Parables of Jesus for the Modern Pilgrim.
This parable comes in a scene of lavish love that changed my life 14 years ago. Even though it wasn’t the first time I’d heard it, my eyes were opened to the condition of my heart. I pray it will do the same for you.
Put yourself in this scene:
Jesus told this parable to enlighten Simon the Pharisee. His heart had become dull to the great gift of forgiveness.
Simon, who was a religious leader in the town, invited Jesus to his home for dinner. This event must have been a showy occasion. I imagine all the “best” people were there to hear the man everyone was flocking after. But apparently, Simon did not have any real respect for Jesus. He neglected to provide even the most common courtesies to Jesus as a guest. Jesus overlooks it until Simon begins to cast judgment on another uninvited guest in the room, the sinful woman.
Wherever Jesus went, the crowds followed. When it became know that Jesus was at Simon’s home, the woman crashed the party. She didn’t care that everyone knew her less-than-stellar reputation. She had an encounter with Jesus that changed her. She was compelled to take the opportunity to thank him and fall at his feet.
Notice the humility of her posture. She is behind Jesus at his feet, crouched low. She is weeping, and the tears fall on Jesus’ feet. She wipes them with her hair. She anoints Jesus’ feet not only with perfume but with her kisses as well. This scene is a tender, intimate act of worship.
Simon’s thoughts betray him. Jesus must not be a true prophet because he is allowing this sinful woman to touch him. He will be unclean!
Jesus know’s Simons thoughts (uh oh), and says, “Simon, I have something to tell you.” Jesus has a story to tell, and he wants it known that it’s directed at Simon.
Two people owe a moneylender a debt. One owes a lot more than the other. But it doesn’t matter how much because neither one can pay it back. The debts of both people are forgiven. Now the pointed question, “Which one will love him more?”
Simon answers, “The one who owed the larger debt.”
Jesus says, “You have judged correctly.” I can almost hear Jesus say…you have been judging incorrectly, but now you’ve got it right.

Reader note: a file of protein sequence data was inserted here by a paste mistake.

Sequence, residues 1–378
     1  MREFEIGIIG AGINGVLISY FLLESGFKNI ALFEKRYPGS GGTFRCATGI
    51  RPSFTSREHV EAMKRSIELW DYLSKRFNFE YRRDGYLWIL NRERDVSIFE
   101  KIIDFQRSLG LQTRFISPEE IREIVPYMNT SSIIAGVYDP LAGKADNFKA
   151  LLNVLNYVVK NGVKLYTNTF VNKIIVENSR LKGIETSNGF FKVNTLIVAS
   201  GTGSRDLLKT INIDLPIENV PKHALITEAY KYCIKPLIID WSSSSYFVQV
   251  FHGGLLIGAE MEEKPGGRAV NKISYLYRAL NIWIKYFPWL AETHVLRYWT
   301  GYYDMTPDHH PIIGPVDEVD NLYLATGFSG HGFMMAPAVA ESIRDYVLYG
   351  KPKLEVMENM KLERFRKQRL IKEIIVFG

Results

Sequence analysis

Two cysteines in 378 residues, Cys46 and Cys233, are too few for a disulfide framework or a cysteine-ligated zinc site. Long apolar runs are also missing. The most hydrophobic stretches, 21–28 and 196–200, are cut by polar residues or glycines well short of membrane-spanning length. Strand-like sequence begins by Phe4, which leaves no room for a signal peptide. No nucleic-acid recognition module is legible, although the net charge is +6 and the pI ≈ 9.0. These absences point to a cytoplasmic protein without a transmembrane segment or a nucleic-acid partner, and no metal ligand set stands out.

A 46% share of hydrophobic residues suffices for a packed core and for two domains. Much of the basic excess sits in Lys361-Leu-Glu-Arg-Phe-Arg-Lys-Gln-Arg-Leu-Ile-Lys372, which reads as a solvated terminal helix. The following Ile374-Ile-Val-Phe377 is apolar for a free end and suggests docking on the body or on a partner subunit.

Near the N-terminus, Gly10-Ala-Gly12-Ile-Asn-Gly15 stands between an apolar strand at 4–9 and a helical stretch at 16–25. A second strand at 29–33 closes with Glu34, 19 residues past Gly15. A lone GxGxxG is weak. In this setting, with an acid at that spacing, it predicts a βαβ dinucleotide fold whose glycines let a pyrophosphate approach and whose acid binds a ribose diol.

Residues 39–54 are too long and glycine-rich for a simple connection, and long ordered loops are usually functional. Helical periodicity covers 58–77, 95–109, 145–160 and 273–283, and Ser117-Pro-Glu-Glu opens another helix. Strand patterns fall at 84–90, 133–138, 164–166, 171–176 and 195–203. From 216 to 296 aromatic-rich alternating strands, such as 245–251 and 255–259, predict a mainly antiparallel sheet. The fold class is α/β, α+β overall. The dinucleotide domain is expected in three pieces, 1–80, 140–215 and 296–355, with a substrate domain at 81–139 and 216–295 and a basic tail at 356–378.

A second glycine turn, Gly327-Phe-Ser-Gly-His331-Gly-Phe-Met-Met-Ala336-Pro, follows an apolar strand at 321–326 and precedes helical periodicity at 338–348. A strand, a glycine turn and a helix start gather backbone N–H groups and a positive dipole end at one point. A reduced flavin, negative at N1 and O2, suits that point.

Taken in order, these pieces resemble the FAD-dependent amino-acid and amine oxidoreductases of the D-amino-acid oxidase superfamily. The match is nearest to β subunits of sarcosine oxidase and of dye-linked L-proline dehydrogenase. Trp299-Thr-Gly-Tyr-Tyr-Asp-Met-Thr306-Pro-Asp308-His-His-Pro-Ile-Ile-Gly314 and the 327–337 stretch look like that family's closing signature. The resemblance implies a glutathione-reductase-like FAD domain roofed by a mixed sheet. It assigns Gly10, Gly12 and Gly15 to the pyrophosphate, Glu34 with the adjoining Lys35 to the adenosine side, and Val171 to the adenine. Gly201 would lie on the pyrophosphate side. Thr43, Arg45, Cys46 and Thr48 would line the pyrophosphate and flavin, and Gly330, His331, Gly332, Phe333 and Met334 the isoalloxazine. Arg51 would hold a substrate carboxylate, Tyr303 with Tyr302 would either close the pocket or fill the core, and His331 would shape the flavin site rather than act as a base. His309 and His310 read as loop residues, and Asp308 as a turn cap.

I love the detail that Luke puts into this scene. It’s as if he wrote the blocking from a script.
Jesus turns to the woman but keeps talking to Simon. Jesus wants to give her all the respect she deserves. She doesn’t need to cower behind Jesus. All that the woman does is in response to her great love. She does for Jesus what Simon, his host, should have done – but she does it extravagantly, from her heart.
Finally, Jesus calls out Simon’s rudeness. The woman is held up as the example. Yes, she has had many sins, but they have all been forgiven. For this, her love of Jesus is great.
- Simon didn’t wash Jesus’ feet – the woman washed them with her tears.
- Simon didn’t give Jesus a kiss of greeting – the woman can’t stop kissing Jesus’ feet.
- Simon didn’t anoint Jesus’ head with oil – the woman pours her alabaster jar on Jesus.
Jesus assures her of his love and forgiveness and sends her on her way in peace.
Lessons for the Modern Pilgrim
- A religious spirit can make us forget all that we have been forgiven. No matter how many sins we’ve committed – one or one thousand – they separate us from God. We quickly judge people for their visible sins. We are no different. Let’s not judge people because they sin differently than we do.
- We can’t ever repay Jesus the debt we owe. We all need grace. It is a gift no matter what the size. It covers all our sin.
- It is our awareness of grace that affects our love for Jesus. The more we realize/remember how much Jesus has done for us, the more we love.
- Accepting that loving forgiveness sets us free to worship. The woman’s example is an inspiration. She had no fear of who was watching and how it would look. Her great love compelled her to action.
This story changed my perspective forever. I saw myself in Simon. I had forgotten how much I had been forgiven. My love for Jesus was small.
I asked the Lord, “Please help me love you more.” He taught me to remember.
I have been forgiven; I am being forgiven; I will continue to be forgiven.
Let that translate into:
I loved Jesus.
I am loving Jesus.
I will continue to lavish love on Jesus.
…and I don’t care who knows it!